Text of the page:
An appeals court panel ruled in July 2012 that the state's assisted suicide law was constitutional, and that Melchert-Dinkel's speech was not protected by the First Amendment.
"We are confident that the Constitution does not immunize Melchert-Dinkel's morbid, predatory behavior simply because it appears in the form of written words," the appeals court panel wrote.
But in a case involving members of the Final Exit Network, a different appeals court panel ruled that the state's law was unconstitutional when it comes to "advising" or "encouraging" suicide. The Florida-based group accused of playing a role in the 2007 suicide of a Minnesota woman, but the case was put on hold while the Supreme Court considers Melchert-Dinkel's appeal.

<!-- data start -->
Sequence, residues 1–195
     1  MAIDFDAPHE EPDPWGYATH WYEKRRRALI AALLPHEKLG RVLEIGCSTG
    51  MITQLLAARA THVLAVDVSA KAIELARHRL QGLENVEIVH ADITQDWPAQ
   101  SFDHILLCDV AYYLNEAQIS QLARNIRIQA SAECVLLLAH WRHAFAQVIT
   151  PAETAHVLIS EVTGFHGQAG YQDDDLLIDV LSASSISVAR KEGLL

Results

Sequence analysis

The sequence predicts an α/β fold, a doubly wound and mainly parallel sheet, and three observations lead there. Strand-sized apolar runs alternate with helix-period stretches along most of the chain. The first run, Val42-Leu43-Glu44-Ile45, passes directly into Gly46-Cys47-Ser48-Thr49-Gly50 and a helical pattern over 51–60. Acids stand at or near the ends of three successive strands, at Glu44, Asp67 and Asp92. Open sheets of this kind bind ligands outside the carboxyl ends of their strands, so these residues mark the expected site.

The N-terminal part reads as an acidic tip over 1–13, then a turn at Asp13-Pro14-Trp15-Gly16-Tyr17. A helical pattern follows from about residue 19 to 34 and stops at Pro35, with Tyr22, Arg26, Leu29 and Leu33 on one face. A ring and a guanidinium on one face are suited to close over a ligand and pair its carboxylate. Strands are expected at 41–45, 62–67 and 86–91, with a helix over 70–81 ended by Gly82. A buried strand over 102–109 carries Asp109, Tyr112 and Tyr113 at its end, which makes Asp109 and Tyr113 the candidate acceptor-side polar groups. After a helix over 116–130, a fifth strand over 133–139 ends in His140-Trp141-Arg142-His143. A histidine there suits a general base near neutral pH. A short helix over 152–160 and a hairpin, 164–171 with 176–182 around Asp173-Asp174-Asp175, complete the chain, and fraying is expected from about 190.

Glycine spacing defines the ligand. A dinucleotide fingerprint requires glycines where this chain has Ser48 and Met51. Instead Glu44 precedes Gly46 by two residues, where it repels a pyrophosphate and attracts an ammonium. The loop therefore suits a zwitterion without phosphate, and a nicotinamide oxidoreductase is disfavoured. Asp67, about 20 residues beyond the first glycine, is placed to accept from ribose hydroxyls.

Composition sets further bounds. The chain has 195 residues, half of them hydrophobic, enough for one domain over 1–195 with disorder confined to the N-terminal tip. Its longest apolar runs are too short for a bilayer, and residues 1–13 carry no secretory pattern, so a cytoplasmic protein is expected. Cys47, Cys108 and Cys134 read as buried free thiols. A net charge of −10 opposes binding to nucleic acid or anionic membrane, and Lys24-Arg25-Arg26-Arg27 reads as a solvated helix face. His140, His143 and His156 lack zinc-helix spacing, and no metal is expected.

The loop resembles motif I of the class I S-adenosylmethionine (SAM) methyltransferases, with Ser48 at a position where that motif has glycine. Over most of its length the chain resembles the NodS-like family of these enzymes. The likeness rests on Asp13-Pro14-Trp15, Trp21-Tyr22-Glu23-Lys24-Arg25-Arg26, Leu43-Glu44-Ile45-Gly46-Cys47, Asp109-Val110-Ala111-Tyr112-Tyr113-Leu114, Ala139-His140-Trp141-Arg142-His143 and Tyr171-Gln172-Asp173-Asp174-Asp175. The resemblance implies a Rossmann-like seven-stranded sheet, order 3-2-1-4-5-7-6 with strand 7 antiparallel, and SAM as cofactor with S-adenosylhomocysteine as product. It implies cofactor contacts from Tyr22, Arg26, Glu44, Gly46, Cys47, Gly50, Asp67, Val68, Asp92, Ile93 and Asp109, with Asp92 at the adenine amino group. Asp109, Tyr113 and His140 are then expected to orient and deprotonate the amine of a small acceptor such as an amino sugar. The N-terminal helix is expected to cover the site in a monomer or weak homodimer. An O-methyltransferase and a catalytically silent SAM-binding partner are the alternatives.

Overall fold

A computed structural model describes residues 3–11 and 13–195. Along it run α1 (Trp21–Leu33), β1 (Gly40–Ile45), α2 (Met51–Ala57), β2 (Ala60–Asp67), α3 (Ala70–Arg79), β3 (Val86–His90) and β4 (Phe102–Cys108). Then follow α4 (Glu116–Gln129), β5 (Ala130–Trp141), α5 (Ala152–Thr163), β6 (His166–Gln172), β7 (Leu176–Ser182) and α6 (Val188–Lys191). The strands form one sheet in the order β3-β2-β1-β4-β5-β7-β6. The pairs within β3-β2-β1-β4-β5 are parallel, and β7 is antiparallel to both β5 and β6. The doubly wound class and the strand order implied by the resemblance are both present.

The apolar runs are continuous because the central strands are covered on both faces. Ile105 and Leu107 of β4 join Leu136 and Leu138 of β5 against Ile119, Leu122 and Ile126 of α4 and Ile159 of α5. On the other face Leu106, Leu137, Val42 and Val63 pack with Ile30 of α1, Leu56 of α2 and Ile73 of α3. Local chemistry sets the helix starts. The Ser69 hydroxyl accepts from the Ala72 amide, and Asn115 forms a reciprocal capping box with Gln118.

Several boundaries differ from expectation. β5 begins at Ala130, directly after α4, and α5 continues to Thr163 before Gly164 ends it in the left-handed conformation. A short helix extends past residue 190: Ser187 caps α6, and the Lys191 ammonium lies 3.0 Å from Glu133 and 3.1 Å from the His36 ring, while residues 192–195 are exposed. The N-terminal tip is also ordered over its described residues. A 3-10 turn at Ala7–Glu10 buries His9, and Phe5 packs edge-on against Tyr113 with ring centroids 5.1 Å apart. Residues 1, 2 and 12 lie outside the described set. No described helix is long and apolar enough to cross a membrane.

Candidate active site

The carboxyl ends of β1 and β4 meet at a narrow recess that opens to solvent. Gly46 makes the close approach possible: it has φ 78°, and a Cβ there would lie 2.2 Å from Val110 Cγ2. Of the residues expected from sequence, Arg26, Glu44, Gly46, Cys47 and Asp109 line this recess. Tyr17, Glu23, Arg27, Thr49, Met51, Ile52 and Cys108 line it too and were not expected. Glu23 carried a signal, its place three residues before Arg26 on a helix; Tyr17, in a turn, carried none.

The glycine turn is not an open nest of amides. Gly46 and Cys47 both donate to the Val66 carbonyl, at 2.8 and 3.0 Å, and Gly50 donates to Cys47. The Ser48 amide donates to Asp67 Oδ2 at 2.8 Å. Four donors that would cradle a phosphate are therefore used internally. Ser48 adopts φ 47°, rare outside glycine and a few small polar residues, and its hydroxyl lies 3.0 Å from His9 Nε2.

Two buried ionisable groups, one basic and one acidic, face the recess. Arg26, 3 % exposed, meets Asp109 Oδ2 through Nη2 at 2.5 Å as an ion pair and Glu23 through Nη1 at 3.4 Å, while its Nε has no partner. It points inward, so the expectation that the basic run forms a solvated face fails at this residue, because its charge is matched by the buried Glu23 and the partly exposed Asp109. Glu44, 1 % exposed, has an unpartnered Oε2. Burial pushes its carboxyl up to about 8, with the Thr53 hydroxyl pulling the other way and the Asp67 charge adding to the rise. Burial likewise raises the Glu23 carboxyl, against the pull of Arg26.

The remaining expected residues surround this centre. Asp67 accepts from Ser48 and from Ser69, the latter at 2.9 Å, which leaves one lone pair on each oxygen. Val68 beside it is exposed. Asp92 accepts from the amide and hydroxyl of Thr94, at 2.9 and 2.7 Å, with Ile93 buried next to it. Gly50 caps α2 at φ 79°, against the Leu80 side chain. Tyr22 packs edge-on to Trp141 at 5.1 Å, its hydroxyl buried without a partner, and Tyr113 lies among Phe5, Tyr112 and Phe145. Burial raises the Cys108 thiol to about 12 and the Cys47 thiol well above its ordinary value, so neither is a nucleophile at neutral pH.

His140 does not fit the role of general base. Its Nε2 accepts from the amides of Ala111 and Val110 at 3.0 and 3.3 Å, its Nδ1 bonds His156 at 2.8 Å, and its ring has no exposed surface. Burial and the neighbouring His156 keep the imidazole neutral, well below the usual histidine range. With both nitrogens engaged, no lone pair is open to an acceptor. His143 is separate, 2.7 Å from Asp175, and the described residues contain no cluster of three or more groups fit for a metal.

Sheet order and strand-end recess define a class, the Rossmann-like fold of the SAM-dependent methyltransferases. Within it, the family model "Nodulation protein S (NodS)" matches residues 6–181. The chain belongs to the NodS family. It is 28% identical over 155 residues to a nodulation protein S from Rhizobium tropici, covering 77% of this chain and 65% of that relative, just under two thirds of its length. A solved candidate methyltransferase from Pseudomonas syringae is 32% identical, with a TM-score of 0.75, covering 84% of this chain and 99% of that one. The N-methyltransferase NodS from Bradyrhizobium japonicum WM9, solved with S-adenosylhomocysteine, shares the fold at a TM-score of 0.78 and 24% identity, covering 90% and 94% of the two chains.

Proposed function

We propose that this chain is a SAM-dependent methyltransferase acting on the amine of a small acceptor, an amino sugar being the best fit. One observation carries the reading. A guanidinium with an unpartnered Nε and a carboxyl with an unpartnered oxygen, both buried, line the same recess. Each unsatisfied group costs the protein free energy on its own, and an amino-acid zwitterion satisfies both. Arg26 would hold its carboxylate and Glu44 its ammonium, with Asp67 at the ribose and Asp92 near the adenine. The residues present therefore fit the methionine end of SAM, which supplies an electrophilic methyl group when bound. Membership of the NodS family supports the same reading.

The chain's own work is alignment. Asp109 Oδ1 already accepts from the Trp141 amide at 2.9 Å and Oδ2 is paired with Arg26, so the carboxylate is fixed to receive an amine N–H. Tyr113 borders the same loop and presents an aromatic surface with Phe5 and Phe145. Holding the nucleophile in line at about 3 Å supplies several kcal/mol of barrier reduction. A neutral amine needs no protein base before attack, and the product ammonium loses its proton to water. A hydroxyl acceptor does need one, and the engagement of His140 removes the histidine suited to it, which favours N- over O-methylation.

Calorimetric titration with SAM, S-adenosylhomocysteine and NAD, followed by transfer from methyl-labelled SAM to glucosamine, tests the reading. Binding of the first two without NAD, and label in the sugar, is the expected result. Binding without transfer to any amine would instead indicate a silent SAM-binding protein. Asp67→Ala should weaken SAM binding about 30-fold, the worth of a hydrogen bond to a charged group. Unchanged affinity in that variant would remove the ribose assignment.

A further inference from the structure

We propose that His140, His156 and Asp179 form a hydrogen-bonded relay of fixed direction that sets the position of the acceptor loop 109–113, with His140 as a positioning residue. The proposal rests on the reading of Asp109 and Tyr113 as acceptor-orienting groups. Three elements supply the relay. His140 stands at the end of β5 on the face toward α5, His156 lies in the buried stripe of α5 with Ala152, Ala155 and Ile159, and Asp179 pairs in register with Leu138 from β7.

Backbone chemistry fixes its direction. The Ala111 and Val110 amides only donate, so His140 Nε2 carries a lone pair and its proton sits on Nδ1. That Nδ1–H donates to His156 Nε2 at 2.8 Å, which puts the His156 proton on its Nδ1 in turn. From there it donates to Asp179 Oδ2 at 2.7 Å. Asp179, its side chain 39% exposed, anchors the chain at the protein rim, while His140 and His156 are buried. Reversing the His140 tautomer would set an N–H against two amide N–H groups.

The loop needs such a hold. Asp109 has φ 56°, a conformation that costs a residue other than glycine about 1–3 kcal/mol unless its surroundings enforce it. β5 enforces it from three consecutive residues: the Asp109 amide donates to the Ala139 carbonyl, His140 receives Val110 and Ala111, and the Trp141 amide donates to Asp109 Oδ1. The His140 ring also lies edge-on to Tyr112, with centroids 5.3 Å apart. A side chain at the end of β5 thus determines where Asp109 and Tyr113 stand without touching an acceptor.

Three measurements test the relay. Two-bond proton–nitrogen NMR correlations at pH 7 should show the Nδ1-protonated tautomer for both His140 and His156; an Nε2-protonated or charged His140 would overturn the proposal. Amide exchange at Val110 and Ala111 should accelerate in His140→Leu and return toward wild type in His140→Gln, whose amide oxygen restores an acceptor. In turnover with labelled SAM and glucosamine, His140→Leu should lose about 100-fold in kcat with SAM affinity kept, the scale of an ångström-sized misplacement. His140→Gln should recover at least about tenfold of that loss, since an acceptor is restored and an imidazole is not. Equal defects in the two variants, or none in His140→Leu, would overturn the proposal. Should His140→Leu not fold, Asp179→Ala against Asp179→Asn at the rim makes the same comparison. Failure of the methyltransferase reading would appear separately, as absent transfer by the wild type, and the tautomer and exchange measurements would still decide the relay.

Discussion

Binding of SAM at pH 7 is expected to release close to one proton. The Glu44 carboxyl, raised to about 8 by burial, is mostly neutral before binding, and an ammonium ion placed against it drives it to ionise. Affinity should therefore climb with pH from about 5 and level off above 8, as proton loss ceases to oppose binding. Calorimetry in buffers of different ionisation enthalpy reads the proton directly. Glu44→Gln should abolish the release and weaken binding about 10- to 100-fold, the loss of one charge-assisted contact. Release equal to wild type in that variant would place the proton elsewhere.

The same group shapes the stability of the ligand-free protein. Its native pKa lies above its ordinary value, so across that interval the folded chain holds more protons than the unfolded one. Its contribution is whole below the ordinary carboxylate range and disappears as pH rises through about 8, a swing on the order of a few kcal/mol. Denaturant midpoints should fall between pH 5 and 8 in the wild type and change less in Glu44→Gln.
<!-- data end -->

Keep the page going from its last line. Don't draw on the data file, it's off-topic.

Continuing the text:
"We're just on pins and needles, waiting to find out what happens to Mr. Melchert-Dinkel," said Robert Rivas, an attorney for Final Exit.
Rivas said Wednesday's ruling would be "just a starting gun for us. We don't even know which direction we're going to run in."
Melchert-Dinkel's attorney, Terry Watkins, said his client also was anxiously awaiting the Minnesota Supreme Court's decision, though an appeal to the U.S. Supreme Court would still be possible.
"Everyone has a different investment in this decision, but in some ways, since it's a constitutional issue, I'm sure we have all some investment," Watkins said. "Bill has a very high vested interest ... it ends up affecting his life."
Melchert-Dinkel was sentenced to 360 days in jail, but that has been put on hold and he had remained free pending the appeal. If his conviction is upheld, he will have 30 days to report to custody.
Follow Amy Forliti on Twitter: http://www.twitter.com/amyforliti